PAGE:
Freeform modeler SuperD for Rhino 3D bridges the gap between aesthetics and engineering modelers

SuperD from Boulder Graphics is a new CAD software tool designed to bridge the gap between aesthetic 3D modeling and engineering 3D modeling. It is a desktop version of the popular SuperD app for iOS devices, modified to work as an add-on to the popular Rhino 3D CAD modeler from Robert McNeel & Associates.

To introduce it, let’s look at the two types of professional 3D modeling software. At a technical level, aesthetic 3D software generally defines shape using polygons (triangulation) while engineering 3D software generally defines shape using 2D and 3D geometric objects (lines, arcs, cubes, cones, etc.). Aesthetic 3D models are for viewing, engineering 3D models are for manufacture or construction. But in practice the distinctions blur.

SuperD uses modeling controls familiar to mobile users. (Source: Boulder Graphics)

The problem comes when an engineer (architect, etc.) wants an especially pleasing aesthetic or an artist wants to construct a physical version of the model. Aesthetic models lack rigorous geometric precision; engineering models lack continuity of form when shape becomes complex. Think of it as the difference between working in clay and dimensional lumber.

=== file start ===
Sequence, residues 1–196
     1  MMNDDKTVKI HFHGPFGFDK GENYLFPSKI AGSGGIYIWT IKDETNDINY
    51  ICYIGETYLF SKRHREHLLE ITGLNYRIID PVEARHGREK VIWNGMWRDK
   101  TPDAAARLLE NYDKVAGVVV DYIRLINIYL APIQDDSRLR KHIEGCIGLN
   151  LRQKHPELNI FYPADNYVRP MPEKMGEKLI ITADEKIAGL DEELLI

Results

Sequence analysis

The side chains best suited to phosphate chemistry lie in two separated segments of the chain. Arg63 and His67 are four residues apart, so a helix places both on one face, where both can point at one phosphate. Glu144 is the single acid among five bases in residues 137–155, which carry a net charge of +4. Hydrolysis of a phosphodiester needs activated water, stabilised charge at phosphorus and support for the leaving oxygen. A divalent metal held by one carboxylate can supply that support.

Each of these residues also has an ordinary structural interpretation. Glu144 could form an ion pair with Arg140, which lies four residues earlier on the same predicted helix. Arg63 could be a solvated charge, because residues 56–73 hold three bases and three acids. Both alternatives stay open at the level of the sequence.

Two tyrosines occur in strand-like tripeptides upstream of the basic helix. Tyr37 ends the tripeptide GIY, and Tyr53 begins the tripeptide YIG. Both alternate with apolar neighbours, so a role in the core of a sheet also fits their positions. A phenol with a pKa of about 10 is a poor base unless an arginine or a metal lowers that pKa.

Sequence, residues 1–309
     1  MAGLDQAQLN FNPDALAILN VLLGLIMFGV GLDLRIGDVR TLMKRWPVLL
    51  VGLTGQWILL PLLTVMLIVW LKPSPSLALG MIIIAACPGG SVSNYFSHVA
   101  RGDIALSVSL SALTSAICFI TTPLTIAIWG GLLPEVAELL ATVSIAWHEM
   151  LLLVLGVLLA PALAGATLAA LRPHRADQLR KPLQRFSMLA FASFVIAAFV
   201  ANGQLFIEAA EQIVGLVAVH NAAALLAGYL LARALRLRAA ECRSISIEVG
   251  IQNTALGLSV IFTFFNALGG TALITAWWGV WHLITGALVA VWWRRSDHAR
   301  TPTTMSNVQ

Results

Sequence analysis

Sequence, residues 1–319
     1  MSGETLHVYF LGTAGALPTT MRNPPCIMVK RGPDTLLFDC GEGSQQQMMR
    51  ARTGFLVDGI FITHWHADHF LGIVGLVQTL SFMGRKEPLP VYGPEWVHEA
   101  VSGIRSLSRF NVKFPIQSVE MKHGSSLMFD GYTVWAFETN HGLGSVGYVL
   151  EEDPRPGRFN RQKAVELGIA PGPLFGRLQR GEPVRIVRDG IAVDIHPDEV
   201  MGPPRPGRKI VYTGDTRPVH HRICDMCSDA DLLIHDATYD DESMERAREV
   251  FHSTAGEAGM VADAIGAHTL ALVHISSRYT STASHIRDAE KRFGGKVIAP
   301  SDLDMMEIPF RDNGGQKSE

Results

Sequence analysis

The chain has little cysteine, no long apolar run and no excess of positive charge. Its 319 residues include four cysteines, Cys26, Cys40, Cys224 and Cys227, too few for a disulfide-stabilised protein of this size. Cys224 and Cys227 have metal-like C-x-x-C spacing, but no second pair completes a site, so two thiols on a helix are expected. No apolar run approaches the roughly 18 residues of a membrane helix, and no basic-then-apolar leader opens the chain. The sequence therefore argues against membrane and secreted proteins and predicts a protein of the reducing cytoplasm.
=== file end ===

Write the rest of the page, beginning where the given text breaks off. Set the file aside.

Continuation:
SuperD uses the most popular technology for aesthetic modeling, recursive subdivision (SubD), but uses technology borrowed from engineering software to produce improved smoothness. “There are no troublesome extraordinary points, dimples, irregular triangulations, or patch clusters,” says Alyn Rockwood, Ph.D. chief scientist and CEO of Boulder Graphics. Rockwood says “there are no troublesome extraordinary point (dimples), irregular triangulations, or patch clusters.” The output is smooth — C2 continuous in tech jargon — and watertight.

SuperD can import OBJ files, allowing the use of existing SubD models in Rhino applications. Rockwood says SuperD can also be used for original design work as well as editing existing data. The 3D editing tools include all Rhino “gumball” operations, as well as tools for extending the model through extrusion, subdivision, duplication and deletion. The SuperD model converts to Rhino B-spline model with a single button click.

“SuperD is for high quality sculptured surfaces,” says Rockwood, “It has better triangulation, and fairer shape. A small database also has strong implications for cloud computing”

Technical features:

  • Employs the popular SubD interface
  • Quality (mostly C2) surfaces with no extraordinary points, regular triangulations without cracks or patch clusters
  • Compact SuperD database
  • Creates watertight models for 3D printing
  • OBJ and B-spline input/output
  • Level of Detail (LOD) management
  • Integrates with Rhino3D
  • 3D editing operations including box select, rotate, pan, scale, pull (extrude), duplicate, subdivide, delete, and B-spline convert
  • Layering (groups)
  • Open or closed models with Bezier curve boundaries

SuperD for Rhino 3D requires Rhino3D version 6 for Windows. The product is sold directly by Boulder Graphics for $550.  A 30-day free trial version is available.

A SubD model imported and edited inside SuperD and Rhino 3D. (Source: Boulder Graphics)

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